DECLINE OF A NETWORK
La Cosa Nostra, the Italian mafia of Big Al Capone and Lucky Luciano is on the skids these days.:
“The mob’s frailties were evident in recent months in Chicago, where three senior-citizen mobsters were locked up for murders committed a generation ago; in Florida, where a 97-year-old Mafioso with a rap sheet dating to the days of Lucky Luciano was imprisoned for racketeering; and in New York, where 80-something boss Matty “The Horse” Ianniello pleaded to charges linked to the garbage industry and union corruption.
Things are so bad that mob scion John A. “Junior” Gotti chose to quit the mob while serving five years in prison rather than return to his spot atop the Gambino family.
At the mob’s peak in the late 1950s, more than two dozen families operated nationwide. Disputes were settled by the Commission, a sort of gangland Supreme Court. Corporate change came in a spray of gunfire. This was the mob of “The Godfather” celebrated in pop culture.
Today, Mafia families in former strongholds like Cleveland, Los Angeles and Tampa are gone. La Cosa Nostra — our thing, as its initiates called the mob — is in serious decline everywhere but New York City. And even there, things aren’t so great: Two of New York’s five crime families are run in absentia by bosses behind bars.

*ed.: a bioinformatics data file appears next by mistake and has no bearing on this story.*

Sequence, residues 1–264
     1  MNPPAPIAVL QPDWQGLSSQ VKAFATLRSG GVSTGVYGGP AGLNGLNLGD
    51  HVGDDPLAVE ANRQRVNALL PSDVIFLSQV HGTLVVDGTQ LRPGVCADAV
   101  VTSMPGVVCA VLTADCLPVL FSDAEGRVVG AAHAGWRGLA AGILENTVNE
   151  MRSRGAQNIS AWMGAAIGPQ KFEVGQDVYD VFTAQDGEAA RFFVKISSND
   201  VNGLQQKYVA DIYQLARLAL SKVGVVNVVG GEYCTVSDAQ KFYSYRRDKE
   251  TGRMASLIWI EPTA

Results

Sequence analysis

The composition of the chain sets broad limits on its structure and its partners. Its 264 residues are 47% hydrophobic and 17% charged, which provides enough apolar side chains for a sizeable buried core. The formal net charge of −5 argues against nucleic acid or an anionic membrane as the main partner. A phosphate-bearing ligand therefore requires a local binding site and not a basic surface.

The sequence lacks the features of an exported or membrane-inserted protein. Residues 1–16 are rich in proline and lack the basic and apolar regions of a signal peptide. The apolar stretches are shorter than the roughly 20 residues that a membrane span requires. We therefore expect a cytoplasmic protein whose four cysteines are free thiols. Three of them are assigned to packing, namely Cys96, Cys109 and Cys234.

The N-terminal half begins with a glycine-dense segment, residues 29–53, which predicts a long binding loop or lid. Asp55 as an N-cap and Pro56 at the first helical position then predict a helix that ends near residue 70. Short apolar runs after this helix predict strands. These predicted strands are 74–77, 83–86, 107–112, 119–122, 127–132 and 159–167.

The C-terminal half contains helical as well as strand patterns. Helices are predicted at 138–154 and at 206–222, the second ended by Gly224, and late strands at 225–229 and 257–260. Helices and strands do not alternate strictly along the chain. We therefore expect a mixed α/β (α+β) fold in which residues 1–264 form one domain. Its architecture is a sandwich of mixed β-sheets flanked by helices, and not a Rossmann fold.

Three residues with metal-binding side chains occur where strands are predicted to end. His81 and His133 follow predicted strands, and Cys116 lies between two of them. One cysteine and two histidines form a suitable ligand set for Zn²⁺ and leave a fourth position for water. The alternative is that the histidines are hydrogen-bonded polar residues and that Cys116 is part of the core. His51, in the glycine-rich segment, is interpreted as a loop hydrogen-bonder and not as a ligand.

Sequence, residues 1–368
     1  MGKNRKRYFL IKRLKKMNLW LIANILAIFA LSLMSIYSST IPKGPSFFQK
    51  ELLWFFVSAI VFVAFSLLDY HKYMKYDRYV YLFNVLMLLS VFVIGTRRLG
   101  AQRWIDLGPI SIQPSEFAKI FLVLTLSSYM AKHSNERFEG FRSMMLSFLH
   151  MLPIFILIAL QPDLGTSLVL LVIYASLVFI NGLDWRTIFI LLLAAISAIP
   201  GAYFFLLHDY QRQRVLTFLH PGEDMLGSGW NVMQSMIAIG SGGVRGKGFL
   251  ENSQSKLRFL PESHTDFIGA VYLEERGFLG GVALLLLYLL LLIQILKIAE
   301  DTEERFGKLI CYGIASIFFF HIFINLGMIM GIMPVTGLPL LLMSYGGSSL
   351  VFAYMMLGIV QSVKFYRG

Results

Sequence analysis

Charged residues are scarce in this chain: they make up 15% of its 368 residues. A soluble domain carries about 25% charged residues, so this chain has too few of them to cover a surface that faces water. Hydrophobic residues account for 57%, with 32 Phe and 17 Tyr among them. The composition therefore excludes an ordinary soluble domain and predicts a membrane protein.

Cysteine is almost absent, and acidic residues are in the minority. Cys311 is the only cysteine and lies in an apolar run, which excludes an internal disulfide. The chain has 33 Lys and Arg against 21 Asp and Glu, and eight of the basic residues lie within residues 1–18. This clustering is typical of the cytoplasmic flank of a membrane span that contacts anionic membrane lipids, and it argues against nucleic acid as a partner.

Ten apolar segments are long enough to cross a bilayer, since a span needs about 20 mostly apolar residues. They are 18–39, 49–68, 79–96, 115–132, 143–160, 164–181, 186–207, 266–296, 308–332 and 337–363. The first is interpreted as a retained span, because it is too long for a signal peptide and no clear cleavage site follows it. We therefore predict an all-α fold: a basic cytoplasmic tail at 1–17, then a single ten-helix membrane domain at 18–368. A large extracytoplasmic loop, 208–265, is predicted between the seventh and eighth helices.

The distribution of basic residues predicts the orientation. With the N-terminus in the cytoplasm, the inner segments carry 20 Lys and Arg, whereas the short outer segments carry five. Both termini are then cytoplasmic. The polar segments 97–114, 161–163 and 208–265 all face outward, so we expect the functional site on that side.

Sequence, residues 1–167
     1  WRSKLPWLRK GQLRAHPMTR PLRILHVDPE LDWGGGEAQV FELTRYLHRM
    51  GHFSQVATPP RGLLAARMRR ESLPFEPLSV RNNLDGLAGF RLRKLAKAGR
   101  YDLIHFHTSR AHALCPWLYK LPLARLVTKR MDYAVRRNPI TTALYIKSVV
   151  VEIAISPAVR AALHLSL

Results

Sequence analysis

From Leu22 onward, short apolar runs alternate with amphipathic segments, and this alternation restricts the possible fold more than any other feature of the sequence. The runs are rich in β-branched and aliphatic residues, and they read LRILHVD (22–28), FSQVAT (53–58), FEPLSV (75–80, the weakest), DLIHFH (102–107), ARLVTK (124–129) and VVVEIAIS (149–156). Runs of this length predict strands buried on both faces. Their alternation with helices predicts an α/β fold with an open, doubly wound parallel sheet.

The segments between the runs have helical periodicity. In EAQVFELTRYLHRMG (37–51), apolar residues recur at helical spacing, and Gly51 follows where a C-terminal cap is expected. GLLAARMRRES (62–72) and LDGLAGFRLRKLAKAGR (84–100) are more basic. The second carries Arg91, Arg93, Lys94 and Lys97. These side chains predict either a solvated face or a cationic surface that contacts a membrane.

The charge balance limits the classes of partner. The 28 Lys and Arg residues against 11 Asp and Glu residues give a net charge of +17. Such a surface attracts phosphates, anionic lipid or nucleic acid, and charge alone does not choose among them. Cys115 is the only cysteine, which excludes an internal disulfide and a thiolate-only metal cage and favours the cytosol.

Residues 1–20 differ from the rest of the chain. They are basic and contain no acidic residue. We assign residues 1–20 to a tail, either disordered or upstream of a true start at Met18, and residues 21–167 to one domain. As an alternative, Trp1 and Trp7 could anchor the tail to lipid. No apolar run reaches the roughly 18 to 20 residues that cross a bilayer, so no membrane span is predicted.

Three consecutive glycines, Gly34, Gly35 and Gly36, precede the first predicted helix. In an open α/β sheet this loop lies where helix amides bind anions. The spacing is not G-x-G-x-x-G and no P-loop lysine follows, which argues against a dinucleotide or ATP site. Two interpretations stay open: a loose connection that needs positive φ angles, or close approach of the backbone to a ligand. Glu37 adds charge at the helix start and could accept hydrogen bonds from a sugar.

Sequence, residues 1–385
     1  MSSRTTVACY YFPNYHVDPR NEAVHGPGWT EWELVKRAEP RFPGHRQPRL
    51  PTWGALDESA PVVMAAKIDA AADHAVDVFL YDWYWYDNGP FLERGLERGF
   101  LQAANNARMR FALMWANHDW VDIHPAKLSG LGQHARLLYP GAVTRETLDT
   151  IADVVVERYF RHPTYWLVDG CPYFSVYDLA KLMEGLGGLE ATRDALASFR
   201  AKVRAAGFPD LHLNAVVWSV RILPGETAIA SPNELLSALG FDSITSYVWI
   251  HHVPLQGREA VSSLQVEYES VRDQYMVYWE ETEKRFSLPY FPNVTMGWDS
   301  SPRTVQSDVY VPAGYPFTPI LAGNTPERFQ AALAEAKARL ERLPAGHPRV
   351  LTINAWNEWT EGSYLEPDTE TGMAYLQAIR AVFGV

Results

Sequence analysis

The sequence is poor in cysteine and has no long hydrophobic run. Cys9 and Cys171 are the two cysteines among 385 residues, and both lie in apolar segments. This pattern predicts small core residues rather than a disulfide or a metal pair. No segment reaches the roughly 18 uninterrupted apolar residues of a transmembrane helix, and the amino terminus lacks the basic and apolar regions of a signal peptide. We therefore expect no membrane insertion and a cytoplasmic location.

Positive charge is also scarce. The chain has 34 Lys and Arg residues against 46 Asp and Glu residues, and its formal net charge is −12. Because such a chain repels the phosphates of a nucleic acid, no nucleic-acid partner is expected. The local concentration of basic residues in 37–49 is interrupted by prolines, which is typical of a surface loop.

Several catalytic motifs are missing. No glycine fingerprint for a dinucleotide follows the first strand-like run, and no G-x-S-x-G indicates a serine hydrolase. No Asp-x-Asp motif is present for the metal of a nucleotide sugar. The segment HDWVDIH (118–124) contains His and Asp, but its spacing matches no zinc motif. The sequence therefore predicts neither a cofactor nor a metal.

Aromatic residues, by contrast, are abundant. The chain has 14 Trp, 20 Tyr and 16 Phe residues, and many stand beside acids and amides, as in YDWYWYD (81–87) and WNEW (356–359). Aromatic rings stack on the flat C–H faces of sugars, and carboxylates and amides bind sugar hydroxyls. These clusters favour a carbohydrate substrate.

….The oath of omerta — silence — has become a joke. Ditto for the old world “Family” values — honor, loyalty, integrity — that served as cornerstones for an organization brought to America by Italian immigrants during the era of Prohibition.
“It’s been several generations since they left Sicily,” says Dave Shafer, head of the FBI organized crime division in New York. “It’s all about money.”
At the peak of the mafia’s power, the 1950’s, it had only 5000 “made” members but it was deeply entrenched in a powerful national labor movement, was entwined in a numerous big city Democratic machines ( notably Chicago’s notorious old 1st Ward, where Sam “Momo” Giancana’s minions hustled out the ghost vote for JFK) and enjoyed the tolerance of the immensely powerful FBI Director J.Edgar Hoover, who had a taste for the track and shady associates in his off-hours. The mafia not only had mystique and physical force at their disposal, they had the political juice, having in classic Boydian fashion, strategically connected themselves to as many other centers of power as possible.
What happened to the Mob sbsequently is a lesson for all those who study the potential of networks vis-a-vis states. Despite their fluidity and adaptivity, networks are not ten feet tall. They can be disconnected and isolated. Their internal cohesion can be disrupted. Their OODA loops can be disoriented and only in the rarest of circumstances can networks stand toe-to-toe in the open with the massive power of state hierarchies. They are beatable with patience, strategic thinking, consistency and time.